4. I heard of white2tea but somehow in my mind it was american with no postage to Ireland. Oolongowl reviewed something from them and name caught my attention. So ordered something irrelevant from them. A week later James from teadborg is singing praises to what I am yet to receive. It was almost as good as opening package. Coinkidinky, you can't dismiss those moments from anticipation experience especially after few weeks when you kind of forgot what prompted impulsive purchase in the first place. I compare pricing to alcohol. I originally started with Oolong's because some Russian hiphop musicians got off heroin on them. I had issue with craft beers, couldn't eat anything until had few bottles. So I am saving tons on taxis back from local tavern.


    1. Omg this is a fantastic video! It’s so good. People, just go watch this link. It’s like the perfect accompaniment to any conversation about fine tea. Definitely tops anything I wrote here. Thank you Serj, so much for sharing it here. 💖

  5. I am sure there are lots of talented people peeping into your musings I would hope people could combine maddest clips of their tea sessions, something alike bloopers from teadborg, and make a mix, music could be classic, sound of waves, cats singing, cars revving, whatever. Russians are kind of semi Asians, so I would hope Britain being multicultural, america from all kind of backgrounds, there is a potential here. Or random people reading poetry that comes to their mind while teadrunk.

  6. Cwyn, your writing always challenges my preconceptions about tea and eudaimonia and a thousand other things. Thank you for the shout out.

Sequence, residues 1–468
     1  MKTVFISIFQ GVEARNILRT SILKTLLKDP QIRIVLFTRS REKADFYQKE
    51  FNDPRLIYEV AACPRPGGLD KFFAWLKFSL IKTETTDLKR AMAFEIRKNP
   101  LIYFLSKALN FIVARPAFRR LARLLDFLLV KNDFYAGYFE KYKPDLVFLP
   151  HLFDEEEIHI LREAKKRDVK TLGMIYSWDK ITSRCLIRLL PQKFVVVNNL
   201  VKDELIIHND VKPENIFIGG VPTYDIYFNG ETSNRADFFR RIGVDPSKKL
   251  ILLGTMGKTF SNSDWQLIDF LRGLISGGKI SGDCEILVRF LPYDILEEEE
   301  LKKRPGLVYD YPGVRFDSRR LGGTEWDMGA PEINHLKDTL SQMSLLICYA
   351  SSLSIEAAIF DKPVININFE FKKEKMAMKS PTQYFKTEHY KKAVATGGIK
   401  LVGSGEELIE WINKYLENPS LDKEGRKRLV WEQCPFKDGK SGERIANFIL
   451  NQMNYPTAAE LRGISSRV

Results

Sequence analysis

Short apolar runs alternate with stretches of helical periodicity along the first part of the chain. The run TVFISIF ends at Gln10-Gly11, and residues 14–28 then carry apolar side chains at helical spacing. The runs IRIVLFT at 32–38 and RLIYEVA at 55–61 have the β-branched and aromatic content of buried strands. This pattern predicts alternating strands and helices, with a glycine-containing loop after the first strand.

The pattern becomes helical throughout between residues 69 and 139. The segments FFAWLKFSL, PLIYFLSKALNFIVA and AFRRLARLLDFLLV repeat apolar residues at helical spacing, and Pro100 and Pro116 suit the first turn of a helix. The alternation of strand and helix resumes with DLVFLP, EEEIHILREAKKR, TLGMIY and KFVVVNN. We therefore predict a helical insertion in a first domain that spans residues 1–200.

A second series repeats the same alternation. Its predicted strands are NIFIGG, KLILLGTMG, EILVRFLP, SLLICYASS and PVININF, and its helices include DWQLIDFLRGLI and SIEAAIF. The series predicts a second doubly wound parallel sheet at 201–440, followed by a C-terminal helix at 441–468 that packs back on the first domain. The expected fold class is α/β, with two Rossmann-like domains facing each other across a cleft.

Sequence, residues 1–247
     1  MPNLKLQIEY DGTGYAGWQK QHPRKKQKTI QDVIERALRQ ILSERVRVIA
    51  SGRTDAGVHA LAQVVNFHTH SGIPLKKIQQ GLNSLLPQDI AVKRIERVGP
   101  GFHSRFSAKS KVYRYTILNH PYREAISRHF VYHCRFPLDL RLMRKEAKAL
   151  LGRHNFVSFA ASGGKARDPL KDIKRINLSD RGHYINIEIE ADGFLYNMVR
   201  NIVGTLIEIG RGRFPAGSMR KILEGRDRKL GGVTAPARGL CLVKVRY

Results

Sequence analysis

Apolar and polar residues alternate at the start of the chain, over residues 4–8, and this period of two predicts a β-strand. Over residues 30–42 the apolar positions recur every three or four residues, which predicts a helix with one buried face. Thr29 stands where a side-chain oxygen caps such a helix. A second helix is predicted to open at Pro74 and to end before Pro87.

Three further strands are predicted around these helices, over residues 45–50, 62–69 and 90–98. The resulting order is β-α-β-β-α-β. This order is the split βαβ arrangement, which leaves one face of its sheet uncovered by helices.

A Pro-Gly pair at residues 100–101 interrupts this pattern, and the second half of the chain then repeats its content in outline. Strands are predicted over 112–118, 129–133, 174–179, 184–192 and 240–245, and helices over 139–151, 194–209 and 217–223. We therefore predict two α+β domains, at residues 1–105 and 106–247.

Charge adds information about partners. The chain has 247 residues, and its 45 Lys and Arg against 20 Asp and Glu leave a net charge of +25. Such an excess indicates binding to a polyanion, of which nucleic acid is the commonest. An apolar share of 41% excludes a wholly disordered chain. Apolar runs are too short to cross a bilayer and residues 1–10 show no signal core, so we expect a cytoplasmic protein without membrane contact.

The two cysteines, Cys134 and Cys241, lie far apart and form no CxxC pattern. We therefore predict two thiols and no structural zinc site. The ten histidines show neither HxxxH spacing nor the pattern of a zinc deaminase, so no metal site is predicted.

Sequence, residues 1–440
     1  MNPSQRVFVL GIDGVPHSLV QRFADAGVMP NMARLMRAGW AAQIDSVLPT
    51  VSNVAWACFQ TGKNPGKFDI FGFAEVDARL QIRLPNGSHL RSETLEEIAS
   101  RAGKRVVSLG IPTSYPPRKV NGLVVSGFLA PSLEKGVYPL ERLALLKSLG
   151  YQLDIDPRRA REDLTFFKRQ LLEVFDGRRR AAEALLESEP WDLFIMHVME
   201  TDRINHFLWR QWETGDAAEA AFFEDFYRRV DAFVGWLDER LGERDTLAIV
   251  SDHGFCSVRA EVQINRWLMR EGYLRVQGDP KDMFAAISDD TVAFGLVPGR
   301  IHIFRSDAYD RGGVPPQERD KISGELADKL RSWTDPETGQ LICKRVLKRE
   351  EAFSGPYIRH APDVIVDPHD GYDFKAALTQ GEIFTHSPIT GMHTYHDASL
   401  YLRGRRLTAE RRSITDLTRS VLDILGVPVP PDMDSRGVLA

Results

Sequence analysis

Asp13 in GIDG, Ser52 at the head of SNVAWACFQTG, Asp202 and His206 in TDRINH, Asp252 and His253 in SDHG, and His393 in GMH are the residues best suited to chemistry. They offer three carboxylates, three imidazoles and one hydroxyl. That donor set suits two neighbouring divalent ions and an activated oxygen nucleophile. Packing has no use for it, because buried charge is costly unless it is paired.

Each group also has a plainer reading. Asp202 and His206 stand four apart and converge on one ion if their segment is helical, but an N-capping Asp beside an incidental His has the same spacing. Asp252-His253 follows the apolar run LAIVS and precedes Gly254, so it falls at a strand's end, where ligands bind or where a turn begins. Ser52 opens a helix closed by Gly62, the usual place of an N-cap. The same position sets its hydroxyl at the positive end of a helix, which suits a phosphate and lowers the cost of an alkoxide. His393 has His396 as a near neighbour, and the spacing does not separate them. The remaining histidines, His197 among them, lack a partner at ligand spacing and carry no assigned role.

I do think it's important to taste the really good stuff a few times in your life, even if, for the most part, you're drinking at a much lower budget category. I'm lucky. I had generous and knowledgeable teachers willing to share teas with me that I could never buy today if I wanted to. The way those teas expanded my perceptions, revealed qualities I never knew to look for...I only wish I knew at the time how good I had it. And it's clear as day to me who is excluded from it.

    I'm currently in a settled-down state of my tea collection, where I'm most excited about feeling comfortable with what I like and what I don't, what I'm willing to pay for, and what I'm willing to pass by. I think that experience only comes with tasting from a wide range of tea types and price points.

    You're right on the money with the reckless pursuit or bargain teas. In my experience they tend to optimize for bank accounts and bulk, not taste, and if spending a little more gets you something that you *want* to drink everyday, that's a thing worth striving for. Again, I'm lucky. I have no debt or dependents and can afford to fritter my money away on tea. I make a decent living, and my tastes are pedestrian enough—I prefer a decent tieguanyin to an exceptional Wuyi. Gushu can take me to dizzying heights on the weekend, but on a harried weeknight, the comfort of my favorite tieguanyin is a form of pleasure all its own.

    All of which is a longwinded way of saying that while I hope everyone gets to try the good stuff now and again, there can be connoisseurship without teleology, and the end goal doesn't always have to be a pursuit of ever-finer degrees of sophistication. Sometimes the lesson learned from climbing to the top of the mountain is that you prefer the view lower down.

    Yours, the champagne socialist

    1. Thanks, Max! The important thing is drink the best you have before you die, because no one will appreciate it as much as you will.

  7. I'm of a couple of minds about the points here.